Gilles Deleuze (1925–1995) is probably Meillassoux’s most important interlocutor, the philosopher who is both closest to his own concerns and yet the one with whom he most strongly disagrees. On the one hand, both Deleuze and Meillassoux place great emphasis on contingency, and each draws from the work of David Hume in important respects in order to make the case for contingency. The central thesis and subtitle of Meillassoux’s After Finitude is that the only thing that is necessary is the necessity of contingency. Deleuze and Guattari, similarly, will call out in What is Philosophy? against what they label the cult of necessity and will reaffirm Nietzsche’s own advocacy of the roll of the dice, the chance and contingency inseparable from all things. In What is Philosophy? they will also give philosophy the task of creating concepts, a task that entails affirming and embracing a fundamental chaos. Similarly for Meillassoux, chaos, or what he calls hyper-chaos, is fundamental, and the nature and role of this chaos is one of the principal themes of his own philosophy.
Despite these similarities, there are three points that Meillassoux singles out where the differences could not be starker. First, whereas Meillassoux’s project sets out to critique what he calls correlationism, Deleuze, by Meillassoux’s lights, actually affirms a strong version of correlationism in that the correlation itself becomes the absolute in Deleuze’s system. With the traditional understanding of correlationism, the real is always and only real as correlated to a subject that has access to it. One can entertain the thought of a world without correlation, but then again this would be a thought and we are once again within the circle of correlationism (hence the problem of ancestrality). Deleuze, Meillassoux argues, does not even entertain the possibility of a world without correlation, but absolutises it. He offers a ‘vitalist hypostatization’ (AF, 64), to use Meillassoux’s term, of this correlation by arguing that all reality is simply a correlate of a life.
The second point of difference concerns the philosophy of becoming. According to Meillassoux, one only truly overcomes the ‘cult of necessity’ and truly affirms contingency when one abandons any attempt to establish a philosophy of becoming. The reason for this, Meillassoux claims, is that absolutising becoming involves affirming contradictory entities – an entity that simultaneously is and is not – and yet it is just such entities that are not contingent for they always include all their possibilities; they cannot not be since they already presuppose their not being! Deleuze’s philosophy of becoming is thus incompatible, Meillassoux concludes, with the effort to overcome the cult of necessity.
The third and final point of disagreement concerns the principle of sufficient reason (PSR). Simply put, while Meillassoux rejects the PSR, Deleuze endorses it. Meillassoux’s reason for rejecting the PSR is quite straightforward: it is a consequence of the necessity of contingency in that there is no reason for anything being or not being the way it is. Deleuze, by contrast, is inevitably drawn, Meillassoux believes, to a version of the PSR by virtue of his own version of strong correlationism. It is thus only by overcoming correlationism and the related philosophy of becoming, therefore, that one can truly support the two points upon which Meillassoux and Deleuze agree.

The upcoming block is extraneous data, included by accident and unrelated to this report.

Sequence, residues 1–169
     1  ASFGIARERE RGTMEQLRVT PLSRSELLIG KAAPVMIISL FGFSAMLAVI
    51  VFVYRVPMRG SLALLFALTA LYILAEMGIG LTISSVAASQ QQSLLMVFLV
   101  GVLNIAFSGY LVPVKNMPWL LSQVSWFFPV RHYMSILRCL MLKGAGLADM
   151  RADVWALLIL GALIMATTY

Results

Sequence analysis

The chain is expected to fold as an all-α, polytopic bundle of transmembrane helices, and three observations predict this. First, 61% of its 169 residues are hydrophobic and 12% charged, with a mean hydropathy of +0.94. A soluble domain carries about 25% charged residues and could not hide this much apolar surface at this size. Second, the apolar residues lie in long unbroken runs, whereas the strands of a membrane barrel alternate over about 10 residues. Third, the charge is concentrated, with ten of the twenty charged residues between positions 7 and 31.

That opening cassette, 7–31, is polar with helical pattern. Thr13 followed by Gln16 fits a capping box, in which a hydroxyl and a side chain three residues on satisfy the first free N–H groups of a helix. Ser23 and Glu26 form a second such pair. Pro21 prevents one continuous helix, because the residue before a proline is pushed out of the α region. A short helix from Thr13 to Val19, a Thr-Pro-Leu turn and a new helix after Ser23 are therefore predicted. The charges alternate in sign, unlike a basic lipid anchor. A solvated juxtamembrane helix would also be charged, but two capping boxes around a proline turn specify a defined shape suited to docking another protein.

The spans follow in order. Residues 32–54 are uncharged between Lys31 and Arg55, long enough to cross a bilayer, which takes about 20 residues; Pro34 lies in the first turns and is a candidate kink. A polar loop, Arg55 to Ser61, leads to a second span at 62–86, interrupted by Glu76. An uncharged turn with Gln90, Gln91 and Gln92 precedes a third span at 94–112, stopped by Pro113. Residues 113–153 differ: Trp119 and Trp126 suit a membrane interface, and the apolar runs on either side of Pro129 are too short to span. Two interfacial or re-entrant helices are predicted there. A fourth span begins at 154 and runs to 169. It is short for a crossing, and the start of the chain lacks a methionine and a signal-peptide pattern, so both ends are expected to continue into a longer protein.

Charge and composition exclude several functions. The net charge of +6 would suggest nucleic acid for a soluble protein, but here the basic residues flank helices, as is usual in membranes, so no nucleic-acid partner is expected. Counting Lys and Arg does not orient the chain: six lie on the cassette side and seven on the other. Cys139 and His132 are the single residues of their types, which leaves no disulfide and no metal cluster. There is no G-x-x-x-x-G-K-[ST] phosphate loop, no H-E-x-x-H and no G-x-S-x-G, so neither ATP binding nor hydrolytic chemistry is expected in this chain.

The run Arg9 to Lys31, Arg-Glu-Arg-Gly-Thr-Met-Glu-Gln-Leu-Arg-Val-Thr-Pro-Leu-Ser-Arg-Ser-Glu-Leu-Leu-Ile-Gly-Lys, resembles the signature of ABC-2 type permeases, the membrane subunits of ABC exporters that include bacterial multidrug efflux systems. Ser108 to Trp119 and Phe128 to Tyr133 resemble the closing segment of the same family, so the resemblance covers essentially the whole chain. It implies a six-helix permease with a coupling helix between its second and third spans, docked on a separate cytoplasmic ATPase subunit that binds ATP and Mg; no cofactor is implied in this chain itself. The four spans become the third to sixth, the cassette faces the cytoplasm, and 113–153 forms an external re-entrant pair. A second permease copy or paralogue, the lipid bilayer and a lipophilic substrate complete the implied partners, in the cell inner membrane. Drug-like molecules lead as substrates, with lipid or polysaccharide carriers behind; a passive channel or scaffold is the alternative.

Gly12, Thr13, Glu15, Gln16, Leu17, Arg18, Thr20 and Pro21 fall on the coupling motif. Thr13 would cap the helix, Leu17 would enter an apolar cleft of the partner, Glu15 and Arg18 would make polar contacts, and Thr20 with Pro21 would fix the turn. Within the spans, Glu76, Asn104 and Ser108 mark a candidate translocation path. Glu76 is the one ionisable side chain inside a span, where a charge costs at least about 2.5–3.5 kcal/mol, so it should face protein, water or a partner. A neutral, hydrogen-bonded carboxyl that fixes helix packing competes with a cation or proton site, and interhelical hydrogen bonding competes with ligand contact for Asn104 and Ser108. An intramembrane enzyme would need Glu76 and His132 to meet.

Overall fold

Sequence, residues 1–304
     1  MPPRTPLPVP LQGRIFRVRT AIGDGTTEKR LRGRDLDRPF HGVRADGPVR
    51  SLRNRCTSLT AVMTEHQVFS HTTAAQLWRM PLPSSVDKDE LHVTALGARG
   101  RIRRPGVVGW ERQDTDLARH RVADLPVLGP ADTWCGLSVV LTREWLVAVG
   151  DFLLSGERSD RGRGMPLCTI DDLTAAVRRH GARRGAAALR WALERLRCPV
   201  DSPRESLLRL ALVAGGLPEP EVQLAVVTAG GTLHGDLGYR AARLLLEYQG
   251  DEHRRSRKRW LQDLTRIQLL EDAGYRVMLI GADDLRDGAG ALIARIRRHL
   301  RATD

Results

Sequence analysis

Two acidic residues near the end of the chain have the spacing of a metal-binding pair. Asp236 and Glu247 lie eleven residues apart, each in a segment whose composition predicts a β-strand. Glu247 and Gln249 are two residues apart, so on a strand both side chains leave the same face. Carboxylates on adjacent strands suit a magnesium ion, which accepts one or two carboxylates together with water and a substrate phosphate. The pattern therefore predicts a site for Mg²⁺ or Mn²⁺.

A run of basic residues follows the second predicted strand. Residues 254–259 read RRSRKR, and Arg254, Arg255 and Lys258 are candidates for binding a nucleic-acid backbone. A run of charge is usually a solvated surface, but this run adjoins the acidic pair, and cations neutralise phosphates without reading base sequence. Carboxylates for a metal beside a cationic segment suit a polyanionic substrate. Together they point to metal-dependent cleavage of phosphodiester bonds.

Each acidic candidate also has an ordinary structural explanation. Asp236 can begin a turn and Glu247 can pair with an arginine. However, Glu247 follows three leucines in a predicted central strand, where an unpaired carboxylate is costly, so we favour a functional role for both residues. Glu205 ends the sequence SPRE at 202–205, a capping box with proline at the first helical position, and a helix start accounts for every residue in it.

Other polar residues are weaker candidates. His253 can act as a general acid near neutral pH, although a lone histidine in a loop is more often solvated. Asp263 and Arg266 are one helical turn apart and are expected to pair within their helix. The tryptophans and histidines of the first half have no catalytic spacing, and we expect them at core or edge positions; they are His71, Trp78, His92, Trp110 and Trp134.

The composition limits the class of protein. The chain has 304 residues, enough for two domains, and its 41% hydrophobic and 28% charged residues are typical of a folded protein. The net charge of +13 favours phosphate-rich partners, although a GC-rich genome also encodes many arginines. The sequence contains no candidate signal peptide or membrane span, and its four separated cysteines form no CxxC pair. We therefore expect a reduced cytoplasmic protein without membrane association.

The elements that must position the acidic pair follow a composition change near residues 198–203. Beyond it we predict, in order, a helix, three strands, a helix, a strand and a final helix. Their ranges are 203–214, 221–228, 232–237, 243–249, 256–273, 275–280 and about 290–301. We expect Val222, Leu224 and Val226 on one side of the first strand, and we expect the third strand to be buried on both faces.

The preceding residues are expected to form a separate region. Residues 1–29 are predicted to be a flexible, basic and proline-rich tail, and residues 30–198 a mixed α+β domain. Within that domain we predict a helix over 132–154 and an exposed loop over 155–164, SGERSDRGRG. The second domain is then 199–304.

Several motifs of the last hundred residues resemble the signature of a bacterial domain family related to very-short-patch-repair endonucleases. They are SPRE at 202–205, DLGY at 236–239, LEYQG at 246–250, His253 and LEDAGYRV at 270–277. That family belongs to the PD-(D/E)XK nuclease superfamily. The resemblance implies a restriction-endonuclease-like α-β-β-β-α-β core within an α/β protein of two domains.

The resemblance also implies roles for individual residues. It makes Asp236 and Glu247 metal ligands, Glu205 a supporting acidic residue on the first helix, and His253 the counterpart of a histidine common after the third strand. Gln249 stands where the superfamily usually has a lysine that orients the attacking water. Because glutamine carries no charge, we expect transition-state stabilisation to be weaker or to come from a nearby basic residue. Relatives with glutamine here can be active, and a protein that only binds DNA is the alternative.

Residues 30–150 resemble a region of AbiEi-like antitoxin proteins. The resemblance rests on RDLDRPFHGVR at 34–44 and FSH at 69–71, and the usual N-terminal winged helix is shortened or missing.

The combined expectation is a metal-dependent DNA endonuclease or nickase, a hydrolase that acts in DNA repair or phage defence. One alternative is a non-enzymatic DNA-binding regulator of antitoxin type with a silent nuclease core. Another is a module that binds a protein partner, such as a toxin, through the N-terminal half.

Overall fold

Deleuze and Meillassoux are thus so close yet so far away philosophically, and thus it is no surprise that Meillassoux devotes a fair amount of energy to contrasting his own position with Deleuze’s, beginning with the strong correlationist label he attaches to Deleuze’s project. In his longest treatment of Deleuze, the essay ‘Subtraction and Contraction’, Meillassoux offers an illuminating and creative take on Deleuze’s thought. Meillassoux’s treatment of Deleuze here is very fair and nuanced, but, as with his teacher Alain Badiou, there is a tendency to read Deleuze as a dualist, a virtual-actual dualist in this case. These dualist readings are problematic. For one, the virtual is not, Deleuze makes clear, a separable reality determinately distinct from the actual. If this were the correct reading, then the strong correlation between Life – taken here as the virtual writ large – and the determinate actualities would indeed be how to read Deleuze. For the sake of brevity, it should be noted that Gilbert Simondon’s work was profoundly influential upon Deleuze’s, and an important part of Simondon’s philosophical work was to understand the process of individuation from metastable states. A metastable state is not a determinate state but is rather the dynamic condition for the possibility of differentiating between determinately distinct states. There is a tendency in Meillassoux’s reading of Deleuze, as there was in Badiou’s, to assume a world of two fundamentally distinct and already individuated states – the virtual and the actual – when in fact it was precisely the effort to understand the emergence of individuated states that best characterises Deleuze’s entire project. Perhaps the conclusion to draw is that Meillassoux has in Deleuze a worthy interlocutor.
Deleuze, Gilles by Jeffrey A. Bell is an extract from The Meillassoux Dictionary edited by Peter Gratton and Paul J. Ennis, published by Edinburgh University Press.
Jeffrey A. Bell is Professor of Philosophy at Southeastern Louisiana University. He is the author of Deleuze and Guattari’s What is Philosophy? and Deleuze’s Hume: Philosophy, Culture and the Scottish Enlightenment, and co-editor of Rethinking Whitehead’s Symbolism: Thought, Language, Culture, A Thousand Plateaus and Philosophy and Deleuze and History, all published by Edinburgh University Press.
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